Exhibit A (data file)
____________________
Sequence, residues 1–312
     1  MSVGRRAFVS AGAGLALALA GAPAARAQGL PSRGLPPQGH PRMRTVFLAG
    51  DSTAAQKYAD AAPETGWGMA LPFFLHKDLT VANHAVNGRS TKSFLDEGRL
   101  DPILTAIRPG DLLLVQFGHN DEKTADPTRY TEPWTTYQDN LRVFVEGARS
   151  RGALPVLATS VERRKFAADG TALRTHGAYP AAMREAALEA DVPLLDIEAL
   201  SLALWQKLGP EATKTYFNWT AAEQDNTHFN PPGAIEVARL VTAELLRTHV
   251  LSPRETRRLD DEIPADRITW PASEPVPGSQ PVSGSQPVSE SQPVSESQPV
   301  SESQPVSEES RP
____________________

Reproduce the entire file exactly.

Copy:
Sequence, residues 1–312
     1  MSVGRRAFVS AGAGLALALA GAPAARAQGL PSRGLPPQGH PRMRTVFLAG
    51  DSTAAQKYAD AAPETGWGMA LPFFLHKDLT VANHAVNGRS TKSFLDEGRL
   101  DPILTAIRPG DLLLVQFGHN DEKTADPTRY TEPWTTYQDN LRVFVEGARS
   151  RGALPVLATS VERRKFAADG TALRTHGAYP AAMREAALEA DVPLLDIEAL
   201  SLALWQKLGP EATKTYFNWT AAEQDNTHFN PPGAIEVARL VTAELLRTHV
   251  LSPRETRRLD DEIPADRITW PASEPVPGSQ PVSGSQPVSE SQPVSESQPV
   301  SESQPVSEES RP